A conflict between the Norwegian union Industri Energi and the employers’ organization the Norwegian Oil and Gas Association will result in ten out of service rigs during the week and more than 1,700 employees laid off, the Norwegian Shipowners’ Association (NSA) has said.
The oil service workers’ strike, that started on Wednesday last week, had major consequences for drilling and well operations on the Norwegian continental shelf and consequently for the rig companies. The workers went on strike after the union and the employers’ organization failed to agree over the collective oil service agreement.
NSA director, Pål Tangen, said that the strike comes at the worst possible time in an already difficult market with the low dayrates and rig oversupply.
According to the shipowners’ association, since the strike started, seven rigs were pulled out of service and by the end of the week this count is expected to climb up to ten rigs. Furthermore, more than 1,700 employees could be laid off as the people who work every day to keep a rig operational no longer have anything to do as a result of the strike.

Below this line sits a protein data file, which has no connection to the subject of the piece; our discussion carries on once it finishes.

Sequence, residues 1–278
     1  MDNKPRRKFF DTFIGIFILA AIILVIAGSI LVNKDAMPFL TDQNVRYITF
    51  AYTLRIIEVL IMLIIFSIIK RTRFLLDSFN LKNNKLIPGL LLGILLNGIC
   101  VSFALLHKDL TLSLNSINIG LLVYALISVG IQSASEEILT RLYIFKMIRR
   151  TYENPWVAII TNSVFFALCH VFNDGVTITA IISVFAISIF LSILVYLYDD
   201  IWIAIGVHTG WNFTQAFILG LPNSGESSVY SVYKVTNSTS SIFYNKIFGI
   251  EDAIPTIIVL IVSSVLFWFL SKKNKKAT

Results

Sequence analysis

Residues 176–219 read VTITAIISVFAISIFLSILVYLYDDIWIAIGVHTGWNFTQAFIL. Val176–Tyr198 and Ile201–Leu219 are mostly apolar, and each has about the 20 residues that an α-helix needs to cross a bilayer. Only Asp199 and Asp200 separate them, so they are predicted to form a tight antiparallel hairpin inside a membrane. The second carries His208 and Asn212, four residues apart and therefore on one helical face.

Tangen noted that while the association is not part of this conflict it has been hit hard as a third party. He also said that this could have long-term consequences for the Norwegian rig industry, for both companies and employees.
“We assume that the parties are aware of this responsibility,” Tangen concluded.
Offshore Energy Today reported on Wednesday that around 350 oil service workers at Baker Hughes, Schlumberger, and Halliburton had been laid off in Norway as a result of the strike action with further layoffs expected in the following days in various companies.
Offshore Energy Today Staff